UK election 2016 has become the most expensive since the 1980s, and a new study by The Economist shows that the odds of the Conservatives winning a second term are now at odds with the best-known odds of Labour’s victory.

In an analysis of the last six UK general elections, The Economist’s poll of political insiders shows that it’s possible that a Conservative majority could be established in 2020 if Labour’s share of the vote is between 1.4 and 1.7 percent.

It is now the third-most expensive election in the history of polling.

In 2010, it cost the Conservatives £5.6 million to secure their majority.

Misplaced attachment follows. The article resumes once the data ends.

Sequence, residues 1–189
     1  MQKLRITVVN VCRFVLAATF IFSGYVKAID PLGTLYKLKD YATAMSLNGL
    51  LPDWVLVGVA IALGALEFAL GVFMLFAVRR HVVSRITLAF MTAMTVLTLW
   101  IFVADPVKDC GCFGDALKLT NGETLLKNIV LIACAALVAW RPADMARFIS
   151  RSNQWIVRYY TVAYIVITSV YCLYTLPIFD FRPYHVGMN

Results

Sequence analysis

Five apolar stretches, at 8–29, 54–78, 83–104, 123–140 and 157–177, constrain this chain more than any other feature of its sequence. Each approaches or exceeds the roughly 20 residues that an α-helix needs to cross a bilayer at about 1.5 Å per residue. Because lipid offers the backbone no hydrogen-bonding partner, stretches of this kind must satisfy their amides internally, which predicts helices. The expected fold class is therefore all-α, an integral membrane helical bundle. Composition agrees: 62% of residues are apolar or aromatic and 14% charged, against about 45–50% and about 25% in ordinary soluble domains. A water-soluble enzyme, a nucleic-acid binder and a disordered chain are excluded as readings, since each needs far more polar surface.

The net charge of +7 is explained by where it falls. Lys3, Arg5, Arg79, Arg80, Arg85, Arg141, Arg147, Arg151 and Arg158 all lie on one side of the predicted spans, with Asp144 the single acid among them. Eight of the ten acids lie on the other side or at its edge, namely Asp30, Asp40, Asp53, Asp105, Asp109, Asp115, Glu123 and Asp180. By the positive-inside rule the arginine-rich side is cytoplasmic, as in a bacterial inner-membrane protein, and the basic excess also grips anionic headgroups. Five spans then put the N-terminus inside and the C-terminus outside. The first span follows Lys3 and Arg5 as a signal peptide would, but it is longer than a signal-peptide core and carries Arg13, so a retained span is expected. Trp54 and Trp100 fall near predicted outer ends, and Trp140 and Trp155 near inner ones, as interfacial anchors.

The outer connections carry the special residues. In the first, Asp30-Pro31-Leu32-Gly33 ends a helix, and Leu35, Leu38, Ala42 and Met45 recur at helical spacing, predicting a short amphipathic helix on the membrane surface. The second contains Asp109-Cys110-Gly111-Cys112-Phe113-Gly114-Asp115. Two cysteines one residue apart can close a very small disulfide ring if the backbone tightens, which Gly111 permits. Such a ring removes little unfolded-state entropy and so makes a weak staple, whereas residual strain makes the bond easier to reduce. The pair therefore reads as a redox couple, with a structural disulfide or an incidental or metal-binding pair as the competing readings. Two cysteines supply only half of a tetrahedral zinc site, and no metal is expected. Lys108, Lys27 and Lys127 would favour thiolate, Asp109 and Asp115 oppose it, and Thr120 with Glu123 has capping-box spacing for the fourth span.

The 2015 election cost the party £7.2 million, but this time it’s expected to cost Labour between £4.5 million and £4 million.

Labour’s lead in the polls has widened since May and is now between one and three points in the latest Reuters/Ipsos poll.

In addition, the Economist found that there’s a slight chance that the Conservative Party could lose seats in the House of Commons.

Labour currently holds a 20-seat majority.

Despite the current unpopularity of the UK’s leadership, the UK election is seen as an important step towards Britain leaving the European Union and getting rid of its Trident nuclear deterrent.